Introduction to Claims-Based Programming and the Geneva Framework

1 hour, 10 minutes, 0 seconds


Right click “Save as…”

For years, Windows has supported a rich, built-in authentication and authorization framework. If you can assume clients will have a Windows account, you can rely on Windows integrated authentication to validate client identity, and use impersonation, ACLs, and role-based security to authorize access to resources. But that model only works if all of your users have Active Directory accounts in a trusted domain. It's difficult to turn one of these applications to face the Internet to support remote employees, partners, and so on. This talk will introduce you to a new model for identity, which allows you to factor authentication and many authorization decisions out of your applications and into a central identity service. This model makes it much easier to achieve Internet-friendly single sign on. It also makes it easier for your application to receive richer identity information, and paves the way for identity federation, should you ever need to integrate with another organization or another platform (Java, for example). In this talk, you'll be introduced to the Geneva Framework as the new API for building claims-aware applications.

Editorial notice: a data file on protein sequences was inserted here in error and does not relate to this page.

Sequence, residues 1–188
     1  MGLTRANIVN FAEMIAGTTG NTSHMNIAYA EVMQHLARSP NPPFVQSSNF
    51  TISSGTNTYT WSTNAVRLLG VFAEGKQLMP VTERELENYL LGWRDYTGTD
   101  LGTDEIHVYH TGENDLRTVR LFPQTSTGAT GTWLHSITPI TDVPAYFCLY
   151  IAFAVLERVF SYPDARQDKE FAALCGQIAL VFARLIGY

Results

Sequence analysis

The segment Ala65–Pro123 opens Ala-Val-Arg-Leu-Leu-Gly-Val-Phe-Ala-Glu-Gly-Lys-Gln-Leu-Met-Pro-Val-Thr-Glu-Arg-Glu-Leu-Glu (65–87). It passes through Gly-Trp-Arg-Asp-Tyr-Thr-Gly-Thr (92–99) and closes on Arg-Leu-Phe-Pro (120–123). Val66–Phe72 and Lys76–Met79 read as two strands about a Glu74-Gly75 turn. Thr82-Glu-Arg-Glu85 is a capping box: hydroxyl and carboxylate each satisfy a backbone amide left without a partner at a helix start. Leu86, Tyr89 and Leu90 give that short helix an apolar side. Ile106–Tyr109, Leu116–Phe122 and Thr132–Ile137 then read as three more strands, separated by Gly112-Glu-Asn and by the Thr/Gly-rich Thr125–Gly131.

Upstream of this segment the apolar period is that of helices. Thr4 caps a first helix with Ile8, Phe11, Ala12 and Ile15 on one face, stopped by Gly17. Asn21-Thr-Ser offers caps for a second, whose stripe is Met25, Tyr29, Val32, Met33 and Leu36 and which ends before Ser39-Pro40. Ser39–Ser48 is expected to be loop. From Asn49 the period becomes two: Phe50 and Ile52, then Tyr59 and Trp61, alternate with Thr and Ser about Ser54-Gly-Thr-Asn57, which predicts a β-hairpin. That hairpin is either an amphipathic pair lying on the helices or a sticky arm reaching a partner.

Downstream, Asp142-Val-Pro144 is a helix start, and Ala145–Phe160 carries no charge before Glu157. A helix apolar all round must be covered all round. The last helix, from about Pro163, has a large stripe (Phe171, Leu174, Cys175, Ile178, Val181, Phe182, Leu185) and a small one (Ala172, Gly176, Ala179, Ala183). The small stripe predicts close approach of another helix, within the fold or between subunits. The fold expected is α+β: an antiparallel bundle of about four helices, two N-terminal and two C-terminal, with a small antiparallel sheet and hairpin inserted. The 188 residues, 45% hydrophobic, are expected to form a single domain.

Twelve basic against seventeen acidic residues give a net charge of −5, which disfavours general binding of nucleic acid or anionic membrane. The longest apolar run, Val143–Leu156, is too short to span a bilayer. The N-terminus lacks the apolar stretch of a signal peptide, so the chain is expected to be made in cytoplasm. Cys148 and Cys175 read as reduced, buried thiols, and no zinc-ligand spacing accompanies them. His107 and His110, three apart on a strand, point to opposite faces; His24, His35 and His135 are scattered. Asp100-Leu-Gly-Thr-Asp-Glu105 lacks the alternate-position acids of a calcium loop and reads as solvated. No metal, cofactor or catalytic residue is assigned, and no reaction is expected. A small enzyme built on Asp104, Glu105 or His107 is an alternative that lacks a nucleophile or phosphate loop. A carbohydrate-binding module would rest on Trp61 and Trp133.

This video is recorded at the Dutch DevDays in Den Haag The Netherlands in June 2009. DevDays is the largest industry event for developers in the Netherlands. Thousands of professional developers visit DevDays yearly to keep in touch with the latest developments in their field.


Follow the discussion

  • Oops, something didn't work.

    Getting subscription
    Subscribe to this conversation

Comments closed

Comments have been closed since this content was published more than 30 days ago, but if you'd like to continue the conversation, please create a new thread in our Forums, or Contact Us and let us know.